Console Development Kits for, l to r, Xbox, PS2, Gamecube, and Dreamcast.
Called the “Akash” (“Sky”), the locally-made device will be launched in New Delhi by Human Resources Development Minister Kapil Sibal after years of delays.
“It will cost 2,200 rupees ($45) and the first batch of 500 tablets will be handed over to students after the release,” ministry spokeswoman Mamata Varma told AFP.
“Initially, 700 Akash tablets will be made every day and we expect the production to pick up when more companies join in to manufacture the device,” she said.
The commercial marketing strategy for the Akash remains unclear, but most of the computers are likely to be sold through universities and colleges rather than shops.”
A lesson relearned.
No matter if we end up with molecular computing or quantum computing, we will radically disrupt the computing process — processors, programming, storage and, yes devices — all of what we use today will no longer fit into that new computing process and thus will all become obsolete. And then, the desktop will finally die.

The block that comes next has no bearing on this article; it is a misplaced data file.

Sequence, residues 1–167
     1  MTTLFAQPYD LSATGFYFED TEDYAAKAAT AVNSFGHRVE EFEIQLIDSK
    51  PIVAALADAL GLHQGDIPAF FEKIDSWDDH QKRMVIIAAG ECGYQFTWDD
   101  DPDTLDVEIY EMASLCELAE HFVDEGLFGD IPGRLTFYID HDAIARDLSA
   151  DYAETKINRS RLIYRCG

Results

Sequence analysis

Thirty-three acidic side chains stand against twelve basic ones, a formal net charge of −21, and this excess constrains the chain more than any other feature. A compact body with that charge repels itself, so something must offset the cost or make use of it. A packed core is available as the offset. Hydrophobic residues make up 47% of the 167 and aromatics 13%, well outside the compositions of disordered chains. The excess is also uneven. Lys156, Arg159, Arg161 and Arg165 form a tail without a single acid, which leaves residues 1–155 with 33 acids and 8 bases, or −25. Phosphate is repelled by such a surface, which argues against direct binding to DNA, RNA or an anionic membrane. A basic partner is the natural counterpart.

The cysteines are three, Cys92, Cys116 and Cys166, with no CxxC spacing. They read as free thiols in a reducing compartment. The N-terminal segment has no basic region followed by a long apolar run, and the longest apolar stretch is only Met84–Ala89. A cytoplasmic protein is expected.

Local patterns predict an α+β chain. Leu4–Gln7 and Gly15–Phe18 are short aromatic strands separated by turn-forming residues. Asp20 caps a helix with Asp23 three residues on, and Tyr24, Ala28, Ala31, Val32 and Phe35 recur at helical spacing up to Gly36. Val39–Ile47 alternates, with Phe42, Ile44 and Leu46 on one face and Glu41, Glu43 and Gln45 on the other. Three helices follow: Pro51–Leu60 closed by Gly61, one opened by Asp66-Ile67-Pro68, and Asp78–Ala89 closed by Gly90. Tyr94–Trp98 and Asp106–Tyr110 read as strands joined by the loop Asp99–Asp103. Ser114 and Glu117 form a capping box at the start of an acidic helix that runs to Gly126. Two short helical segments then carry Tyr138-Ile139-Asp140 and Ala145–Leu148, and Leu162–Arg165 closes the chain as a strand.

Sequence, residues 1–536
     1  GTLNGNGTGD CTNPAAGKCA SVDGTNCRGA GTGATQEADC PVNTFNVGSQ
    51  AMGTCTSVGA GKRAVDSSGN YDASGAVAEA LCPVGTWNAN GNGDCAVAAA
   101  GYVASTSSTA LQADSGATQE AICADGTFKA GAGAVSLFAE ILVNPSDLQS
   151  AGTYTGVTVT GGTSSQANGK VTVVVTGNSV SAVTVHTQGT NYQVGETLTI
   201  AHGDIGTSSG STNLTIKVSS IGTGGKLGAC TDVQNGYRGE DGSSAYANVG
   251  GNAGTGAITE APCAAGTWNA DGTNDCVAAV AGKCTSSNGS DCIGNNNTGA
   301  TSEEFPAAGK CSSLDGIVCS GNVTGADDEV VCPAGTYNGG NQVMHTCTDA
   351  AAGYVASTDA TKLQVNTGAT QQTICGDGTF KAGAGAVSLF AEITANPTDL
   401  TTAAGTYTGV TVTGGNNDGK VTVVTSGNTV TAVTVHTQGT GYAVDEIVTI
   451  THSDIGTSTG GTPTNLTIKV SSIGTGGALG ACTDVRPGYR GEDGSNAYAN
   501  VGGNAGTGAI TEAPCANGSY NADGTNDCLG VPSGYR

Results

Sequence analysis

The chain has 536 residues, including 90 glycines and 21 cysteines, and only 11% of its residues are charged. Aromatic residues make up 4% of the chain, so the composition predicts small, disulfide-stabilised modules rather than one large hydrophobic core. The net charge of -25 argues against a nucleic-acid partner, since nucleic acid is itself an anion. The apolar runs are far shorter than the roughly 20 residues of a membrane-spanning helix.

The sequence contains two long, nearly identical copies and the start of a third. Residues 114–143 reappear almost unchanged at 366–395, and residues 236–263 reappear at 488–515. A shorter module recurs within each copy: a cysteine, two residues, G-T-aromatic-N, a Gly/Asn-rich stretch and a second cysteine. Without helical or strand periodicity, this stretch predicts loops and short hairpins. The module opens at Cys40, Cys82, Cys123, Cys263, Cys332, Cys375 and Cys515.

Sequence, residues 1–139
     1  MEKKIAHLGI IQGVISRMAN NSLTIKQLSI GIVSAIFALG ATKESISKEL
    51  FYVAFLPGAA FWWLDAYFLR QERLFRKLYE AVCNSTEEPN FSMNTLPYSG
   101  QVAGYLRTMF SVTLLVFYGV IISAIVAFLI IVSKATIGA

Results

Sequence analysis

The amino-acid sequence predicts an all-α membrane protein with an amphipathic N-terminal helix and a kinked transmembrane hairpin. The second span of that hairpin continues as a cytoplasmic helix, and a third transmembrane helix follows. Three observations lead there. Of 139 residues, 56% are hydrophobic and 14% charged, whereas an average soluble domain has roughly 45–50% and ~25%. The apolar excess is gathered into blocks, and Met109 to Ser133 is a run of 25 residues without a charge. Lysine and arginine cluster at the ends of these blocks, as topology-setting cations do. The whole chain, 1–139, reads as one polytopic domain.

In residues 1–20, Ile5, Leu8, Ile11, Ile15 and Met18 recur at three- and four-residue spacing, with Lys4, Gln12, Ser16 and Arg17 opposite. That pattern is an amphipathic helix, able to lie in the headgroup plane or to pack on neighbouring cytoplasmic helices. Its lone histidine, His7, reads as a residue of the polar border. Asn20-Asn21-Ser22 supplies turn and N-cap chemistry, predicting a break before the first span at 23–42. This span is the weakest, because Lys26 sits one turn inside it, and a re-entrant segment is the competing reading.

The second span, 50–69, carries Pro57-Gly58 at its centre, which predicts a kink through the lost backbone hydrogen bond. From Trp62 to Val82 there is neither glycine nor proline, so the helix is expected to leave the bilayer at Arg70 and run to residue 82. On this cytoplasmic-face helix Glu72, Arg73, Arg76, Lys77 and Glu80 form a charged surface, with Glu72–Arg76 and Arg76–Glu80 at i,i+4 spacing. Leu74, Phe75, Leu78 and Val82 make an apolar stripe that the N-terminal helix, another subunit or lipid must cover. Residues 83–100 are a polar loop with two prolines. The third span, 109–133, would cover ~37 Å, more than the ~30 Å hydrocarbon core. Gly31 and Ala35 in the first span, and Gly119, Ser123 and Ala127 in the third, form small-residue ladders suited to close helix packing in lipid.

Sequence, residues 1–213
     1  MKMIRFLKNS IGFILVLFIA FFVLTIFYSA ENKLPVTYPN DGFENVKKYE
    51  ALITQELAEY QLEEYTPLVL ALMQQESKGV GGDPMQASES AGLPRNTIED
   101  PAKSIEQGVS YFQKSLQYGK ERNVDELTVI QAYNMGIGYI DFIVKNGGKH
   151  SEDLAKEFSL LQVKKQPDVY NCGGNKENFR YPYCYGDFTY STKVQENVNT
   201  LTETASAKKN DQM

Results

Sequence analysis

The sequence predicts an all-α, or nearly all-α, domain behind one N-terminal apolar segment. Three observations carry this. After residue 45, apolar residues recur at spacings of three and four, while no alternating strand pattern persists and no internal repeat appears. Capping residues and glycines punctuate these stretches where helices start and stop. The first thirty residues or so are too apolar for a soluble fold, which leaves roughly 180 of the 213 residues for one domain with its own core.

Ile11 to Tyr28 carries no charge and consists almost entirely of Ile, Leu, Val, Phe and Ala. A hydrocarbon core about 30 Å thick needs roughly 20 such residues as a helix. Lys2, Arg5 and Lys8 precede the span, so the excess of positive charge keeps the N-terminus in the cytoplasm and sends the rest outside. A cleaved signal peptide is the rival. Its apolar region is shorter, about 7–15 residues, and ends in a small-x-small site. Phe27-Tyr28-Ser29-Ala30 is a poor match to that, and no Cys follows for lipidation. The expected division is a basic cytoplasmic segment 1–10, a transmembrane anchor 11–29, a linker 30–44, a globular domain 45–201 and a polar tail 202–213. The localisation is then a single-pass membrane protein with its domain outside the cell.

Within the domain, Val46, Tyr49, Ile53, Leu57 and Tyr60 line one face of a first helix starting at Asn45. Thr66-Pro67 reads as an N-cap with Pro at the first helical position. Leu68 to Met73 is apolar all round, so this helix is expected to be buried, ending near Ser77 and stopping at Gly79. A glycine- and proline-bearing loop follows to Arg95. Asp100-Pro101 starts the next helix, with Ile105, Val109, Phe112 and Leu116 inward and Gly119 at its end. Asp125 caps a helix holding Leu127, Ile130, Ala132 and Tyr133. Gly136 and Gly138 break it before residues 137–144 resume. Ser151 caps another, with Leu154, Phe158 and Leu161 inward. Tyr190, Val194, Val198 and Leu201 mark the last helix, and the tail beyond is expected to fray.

And that, says Kaku, is as important to the world economy as it is to humanity’s ability to compute. When we drive headlong into the silicon chip’s dead end, devices will no longer sell at a fast pace simply because there will be no improvement in new models over old models. However, with the birth of a new computing process and all the new devices that it will spawn, the world economy will thrive.
And therein lies the answer to why hardware manufacturers are so eager to prematurely declare the PC dead: they need to sell more devices quickly before the silicon chip maxes out. And, they can already see that Moore’s law will collapse entirely within the next 10 or so years. In other words, their desperation is showing.”